The idea of China freeing the yuan for unrestricted trade and adopting global GDP measurement standards is gaining attention. It’s a concept that’s been waiting in the wings for over a decade, potentially aligning China with advanced economies without needing agreements like the Plaza Accord.

The elegant yet simple solution of allowing the yuan to float to devalue the U.S. dollar is not currently expected. This move, coupled with the adoption of western GDP accounting, has the potential to usher in an era reminiscent of the post-Second Word War economic boom. It could help alleviate concerns about deflation and secular stagnation, enabling economies to grow their way out of high debt levels. By the mid-1970s, debt to GDP had declined to 37 per cent.

While China has traditionally been cautious about such adjustments, fearing a situation like Japan’s post Plaza Accord downturn, recent economic developments like the real estate bubble burst, may prompt a reassessment.

In a time that calls for structural shifts, investors need to stay nimble and embrace change to navigate U.S. debt refinancing. A freely traded yuan could have a positive impact not only on gold and bitcoin but also on global risk assets, global trade, and Chinese equities. Re-evaluating China’s undervalued stocks in a potential deal could signify a shift. As has been widely said, the true measure of intelligence is the ability to adapt to change.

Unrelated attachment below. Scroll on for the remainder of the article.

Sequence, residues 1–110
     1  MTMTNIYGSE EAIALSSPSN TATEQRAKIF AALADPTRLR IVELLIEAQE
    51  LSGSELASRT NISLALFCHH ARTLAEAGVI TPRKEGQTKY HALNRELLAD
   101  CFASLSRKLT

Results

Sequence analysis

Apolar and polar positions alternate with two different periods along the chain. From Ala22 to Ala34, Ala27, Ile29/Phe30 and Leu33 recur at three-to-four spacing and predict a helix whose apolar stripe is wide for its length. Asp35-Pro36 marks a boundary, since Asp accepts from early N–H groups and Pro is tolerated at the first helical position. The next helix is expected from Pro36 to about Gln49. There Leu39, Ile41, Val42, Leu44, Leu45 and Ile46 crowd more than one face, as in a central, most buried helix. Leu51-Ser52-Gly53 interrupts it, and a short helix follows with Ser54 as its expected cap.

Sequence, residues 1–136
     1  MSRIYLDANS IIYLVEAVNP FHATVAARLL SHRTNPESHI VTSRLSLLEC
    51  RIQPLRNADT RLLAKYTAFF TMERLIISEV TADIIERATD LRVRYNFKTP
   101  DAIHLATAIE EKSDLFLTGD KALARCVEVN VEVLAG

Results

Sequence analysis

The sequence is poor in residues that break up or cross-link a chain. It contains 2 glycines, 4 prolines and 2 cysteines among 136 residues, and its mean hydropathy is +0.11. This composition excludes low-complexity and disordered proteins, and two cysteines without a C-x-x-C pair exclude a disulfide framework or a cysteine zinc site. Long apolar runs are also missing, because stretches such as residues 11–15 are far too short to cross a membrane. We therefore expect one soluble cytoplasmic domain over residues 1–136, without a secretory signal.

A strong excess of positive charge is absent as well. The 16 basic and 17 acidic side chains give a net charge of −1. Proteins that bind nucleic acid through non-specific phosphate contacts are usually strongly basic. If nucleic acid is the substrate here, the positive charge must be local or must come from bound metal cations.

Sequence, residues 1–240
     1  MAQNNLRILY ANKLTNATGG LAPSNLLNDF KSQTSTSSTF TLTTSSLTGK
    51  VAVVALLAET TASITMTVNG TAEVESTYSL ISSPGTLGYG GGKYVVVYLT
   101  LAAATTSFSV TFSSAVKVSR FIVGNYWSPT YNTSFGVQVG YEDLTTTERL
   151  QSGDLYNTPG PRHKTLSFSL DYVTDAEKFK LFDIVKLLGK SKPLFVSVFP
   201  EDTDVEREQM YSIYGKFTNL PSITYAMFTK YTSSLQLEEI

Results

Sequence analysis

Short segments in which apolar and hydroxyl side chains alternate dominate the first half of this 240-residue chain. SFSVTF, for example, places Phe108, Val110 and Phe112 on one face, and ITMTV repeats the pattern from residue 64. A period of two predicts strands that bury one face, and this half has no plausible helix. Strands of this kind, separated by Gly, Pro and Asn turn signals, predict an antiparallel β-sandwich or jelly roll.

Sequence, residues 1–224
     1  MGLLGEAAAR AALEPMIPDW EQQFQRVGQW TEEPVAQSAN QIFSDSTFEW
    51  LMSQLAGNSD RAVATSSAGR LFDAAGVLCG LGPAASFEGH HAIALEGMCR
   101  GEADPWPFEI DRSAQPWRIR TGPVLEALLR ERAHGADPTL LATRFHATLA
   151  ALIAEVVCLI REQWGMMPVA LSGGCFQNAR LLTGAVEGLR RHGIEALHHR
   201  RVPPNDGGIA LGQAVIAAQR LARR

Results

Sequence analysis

The 1950s: A Case Study

The 1950s stand out in history as a period marked by fiscal dominance, significant investment in innovation—like the transistor—and strong economic growth. These factors contributed to low inflation and remarkable stock market gains. The S&P 500’s total return soared by 488 per cent from 1950 to 1960, with an annual average growth of over 19 per cent, a performance rivaled only by the secular bull market of the 1990s, which saw an 18 per cent annualized return. The 1950s represents an overlooked robust bull market era.

Reflecting on this historical period, we see parallels in today’s landscape of fiscal dominance, where government spending significantly influences economic direction. The U.S. faces the dual challenge of preserving its currency’s value while promoting economic growth, and it must draw on past experiences to adeptly maneuver through the complex interplay of fiscal and monetary policies.

In summary, the 1950s offers valuable lessons for current policymakers tasked with fostering innovation, managing debt judiciously, and ensuring economic stability. This era demonstrated that fiscal dominance need not impede economic growth and innovation; rather, it can complement them. By embracing these historical lessons, the U.S. can avoid the pitfalls that have ensnared former empires and set a course for sustained prosperity.

Investment Strategies for Today’s Economic Climate

In an economic climate resembling the 1950s, risk assets such as the S&P 500 have historically shown robust performance. This is evident in the often-overlooked bull market of that decade. Despite present uncertainties— volatility, innovation, demographic shifts, and global conflicts—1950s trends could re-emerge.